|Mary Price with a Dolly Varden char on Long Lake, Alaska. Photo credit: Steve Klein/USFWS|
Mary Price, a fisheries biologist in the Wildlife and Sport Fish Restoration Program in our Alaska Region, is a champion for getting money on the ground for sportsmen and -women in Alaska. She manages 41 Sport Fish Restoration grants totaling nearly $75 million to fund 179 projects in Alaska, including fisheries research, surveys, boating and fishing access, and aquatic education. These grants are used by the Alaska Department of Fish and Game to maintain healthy populations and provide some of the best and most diverse fishing opportunities in the world.
5 Questions for Mary
1. Do you hunt/fish and if so what?
I have fished since I was a toddler on family camping trips. I have participated in many kinds of sport fisheries, but with a focus on cold water species in the flowing waters of creeks and rivers. One of my favorites is rainbow trout fishing in wade-able creeks.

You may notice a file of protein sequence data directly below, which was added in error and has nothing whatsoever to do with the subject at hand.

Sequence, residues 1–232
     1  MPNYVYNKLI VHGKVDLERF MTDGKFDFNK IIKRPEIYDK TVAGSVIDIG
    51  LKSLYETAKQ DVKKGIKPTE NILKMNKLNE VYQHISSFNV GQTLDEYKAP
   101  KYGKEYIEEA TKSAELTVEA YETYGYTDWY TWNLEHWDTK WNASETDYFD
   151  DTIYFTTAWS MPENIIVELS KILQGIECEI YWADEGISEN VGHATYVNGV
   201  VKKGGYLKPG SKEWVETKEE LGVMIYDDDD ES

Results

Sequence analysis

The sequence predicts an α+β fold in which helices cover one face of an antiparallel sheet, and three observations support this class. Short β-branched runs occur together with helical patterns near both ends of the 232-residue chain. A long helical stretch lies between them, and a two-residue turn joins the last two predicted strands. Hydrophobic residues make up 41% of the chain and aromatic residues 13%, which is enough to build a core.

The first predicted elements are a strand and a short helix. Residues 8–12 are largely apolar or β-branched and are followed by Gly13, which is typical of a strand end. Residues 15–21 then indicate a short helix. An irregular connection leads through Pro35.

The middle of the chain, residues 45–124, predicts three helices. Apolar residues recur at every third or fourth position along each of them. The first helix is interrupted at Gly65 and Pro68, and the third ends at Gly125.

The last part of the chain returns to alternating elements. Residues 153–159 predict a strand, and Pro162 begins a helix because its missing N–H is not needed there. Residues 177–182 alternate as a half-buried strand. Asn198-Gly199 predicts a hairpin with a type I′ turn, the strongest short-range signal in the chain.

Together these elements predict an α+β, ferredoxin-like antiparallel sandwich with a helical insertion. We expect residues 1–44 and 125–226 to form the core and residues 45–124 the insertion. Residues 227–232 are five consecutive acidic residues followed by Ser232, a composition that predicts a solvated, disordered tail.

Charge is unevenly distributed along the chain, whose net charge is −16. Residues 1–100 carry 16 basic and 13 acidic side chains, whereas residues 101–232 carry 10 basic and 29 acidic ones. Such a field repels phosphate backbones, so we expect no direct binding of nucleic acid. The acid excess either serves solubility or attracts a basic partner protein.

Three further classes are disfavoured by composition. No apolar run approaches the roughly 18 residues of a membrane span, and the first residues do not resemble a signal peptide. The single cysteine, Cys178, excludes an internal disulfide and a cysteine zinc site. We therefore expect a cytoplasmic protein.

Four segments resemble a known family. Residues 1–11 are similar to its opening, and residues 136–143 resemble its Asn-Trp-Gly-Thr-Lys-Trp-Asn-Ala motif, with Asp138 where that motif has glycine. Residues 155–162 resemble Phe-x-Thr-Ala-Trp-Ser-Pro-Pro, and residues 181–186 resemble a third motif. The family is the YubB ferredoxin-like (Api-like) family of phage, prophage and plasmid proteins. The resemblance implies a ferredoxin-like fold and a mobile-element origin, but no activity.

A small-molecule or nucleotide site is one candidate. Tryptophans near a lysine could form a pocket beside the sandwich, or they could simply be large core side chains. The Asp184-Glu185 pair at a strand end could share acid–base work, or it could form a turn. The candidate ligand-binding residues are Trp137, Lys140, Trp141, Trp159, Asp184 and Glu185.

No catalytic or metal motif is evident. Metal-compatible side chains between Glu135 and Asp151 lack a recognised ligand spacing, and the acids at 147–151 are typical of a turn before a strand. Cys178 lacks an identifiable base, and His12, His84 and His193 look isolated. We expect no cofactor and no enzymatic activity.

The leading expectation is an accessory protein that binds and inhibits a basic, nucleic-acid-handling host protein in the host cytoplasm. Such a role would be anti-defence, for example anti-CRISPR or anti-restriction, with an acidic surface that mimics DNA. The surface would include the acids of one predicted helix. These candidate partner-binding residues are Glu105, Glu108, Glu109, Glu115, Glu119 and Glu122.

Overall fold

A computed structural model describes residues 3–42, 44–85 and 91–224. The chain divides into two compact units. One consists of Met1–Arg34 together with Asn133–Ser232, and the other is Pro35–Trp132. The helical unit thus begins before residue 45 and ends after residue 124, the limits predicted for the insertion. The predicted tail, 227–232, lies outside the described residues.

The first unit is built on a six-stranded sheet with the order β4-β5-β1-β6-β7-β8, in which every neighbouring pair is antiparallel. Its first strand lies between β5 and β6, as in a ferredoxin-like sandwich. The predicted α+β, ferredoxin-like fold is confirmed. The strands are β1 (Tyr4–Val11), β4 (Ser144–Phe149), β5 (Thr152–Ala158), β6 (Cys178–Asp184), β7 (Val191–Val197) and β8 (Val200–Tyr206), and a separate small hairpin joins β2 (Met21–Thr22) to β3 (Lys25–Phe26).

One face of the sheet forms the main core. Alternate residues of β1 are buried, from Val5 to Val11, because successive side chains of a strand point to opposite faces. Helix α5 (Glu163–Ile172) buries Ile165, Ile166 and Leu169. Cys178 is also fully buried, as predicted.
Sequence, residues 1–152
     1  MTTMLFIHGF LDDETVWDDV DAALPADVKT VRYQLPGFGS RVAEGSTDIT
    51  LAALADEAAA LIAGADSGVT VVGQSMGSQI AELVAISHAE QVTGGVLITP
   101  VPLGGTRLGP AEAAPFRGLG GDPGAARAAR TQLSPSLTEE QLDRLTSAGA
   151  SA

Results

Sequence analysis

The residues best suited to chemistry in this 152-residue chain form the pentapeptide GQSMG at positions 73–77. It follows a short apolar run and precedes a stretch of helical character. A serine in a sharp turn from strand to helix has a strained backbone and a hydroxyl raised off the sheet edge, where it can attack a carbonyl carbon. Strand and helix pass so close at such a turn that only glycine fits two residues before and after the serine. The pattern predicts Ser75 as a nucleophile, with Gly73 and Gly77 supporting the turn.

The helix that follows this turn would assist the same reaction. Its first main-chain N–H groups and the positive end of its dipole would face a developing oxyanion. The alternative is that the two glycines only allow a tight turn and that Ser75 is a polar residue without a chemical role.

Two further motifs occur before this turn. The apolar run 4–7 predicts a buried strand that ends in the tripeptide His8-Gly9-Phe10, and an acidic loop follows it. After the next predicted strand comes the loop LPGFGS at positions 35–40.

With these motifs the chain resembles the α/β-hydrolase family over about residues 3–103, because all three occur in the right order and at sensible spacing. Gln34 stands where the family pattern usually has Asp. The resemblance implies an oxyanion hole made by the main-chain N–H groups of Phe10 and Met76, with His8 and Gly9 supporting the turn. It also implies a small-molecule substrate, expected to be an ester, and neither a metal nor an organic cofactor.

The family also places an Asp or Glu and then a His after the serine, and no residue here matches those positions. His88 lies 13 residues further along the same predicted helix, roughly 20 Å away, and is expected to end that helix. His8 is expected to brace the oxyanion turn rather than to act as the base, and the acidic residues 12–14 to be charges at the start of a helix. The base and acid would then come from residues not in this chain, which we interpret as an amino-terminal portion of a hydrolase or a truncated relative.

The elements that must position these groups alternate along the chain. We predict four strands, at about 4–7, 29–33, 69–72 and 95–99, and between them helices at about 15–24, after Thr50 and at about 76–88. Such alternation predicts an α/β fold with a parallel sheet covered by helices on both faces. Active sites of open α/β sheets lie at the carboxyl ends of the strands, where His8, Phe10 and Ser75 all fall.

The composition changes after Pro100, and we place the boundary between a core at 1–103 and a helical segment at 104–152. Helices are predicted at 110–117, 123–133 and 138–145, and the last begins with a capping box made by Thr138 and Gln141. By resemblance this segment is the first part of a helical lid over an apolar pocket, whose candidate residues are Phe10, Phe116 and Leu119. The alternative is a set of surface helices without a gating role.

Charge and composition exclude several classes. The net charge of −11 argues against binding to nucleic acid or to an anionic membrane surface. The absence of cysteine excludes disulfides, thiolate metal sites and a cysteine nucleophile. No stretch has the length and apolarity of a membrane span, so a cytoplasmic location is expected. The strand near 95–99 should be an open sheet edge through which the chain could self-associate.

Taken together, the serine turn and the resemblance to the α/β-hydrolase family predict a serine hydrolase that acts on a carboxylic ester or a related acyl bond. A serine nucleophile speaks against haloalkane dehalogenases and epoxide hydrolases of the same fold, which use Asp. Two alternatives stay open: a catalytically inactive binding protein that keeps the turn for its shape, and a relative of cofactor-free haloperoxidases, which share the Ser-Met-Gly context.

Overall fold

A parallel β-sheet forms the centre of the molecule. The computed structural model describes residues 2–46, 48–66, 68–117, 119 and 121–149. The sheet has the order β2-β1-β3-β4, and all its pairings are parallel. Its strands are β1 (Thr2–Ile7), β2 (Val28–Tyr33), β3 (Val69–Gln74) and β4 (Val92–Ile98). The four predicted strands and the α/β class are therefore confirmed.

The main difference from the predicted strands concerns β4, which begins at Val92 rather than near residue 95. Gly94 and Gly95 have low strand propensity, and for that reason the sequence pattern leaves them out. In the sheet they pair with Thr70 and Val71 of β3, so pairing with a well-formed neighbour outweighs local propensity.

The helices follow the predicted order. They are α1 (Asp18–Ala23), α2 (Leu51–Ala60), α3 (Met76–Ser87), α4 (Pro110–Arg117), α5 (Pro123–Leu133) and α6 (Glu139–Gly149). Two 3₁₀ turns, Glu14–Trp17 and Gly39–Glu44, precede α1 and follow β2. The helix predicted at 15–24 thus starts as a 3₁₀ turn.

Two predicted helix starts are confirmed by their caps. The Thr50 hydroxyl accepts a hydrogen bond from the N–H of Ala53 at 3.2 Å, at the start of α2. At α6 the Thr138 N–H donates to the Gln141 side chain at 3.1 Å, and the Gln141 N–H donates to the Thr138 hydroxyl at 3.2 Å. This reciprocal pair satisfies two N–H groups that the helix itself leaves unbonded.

I started hunting when I moved to Alaska in 1993. I was self-motivated to get into hunting, as it seemed like the Alaskan thing to do. I lived in a remote town when I first moved to Alaska, and the game meat was a much healthier and economical alternative to store-bought. I hunted caribou, Dall sheep, ptarmigan, and ducks and geese. I don’t hunt often these days, but I will always be grateful for the opportunities and experiences I had.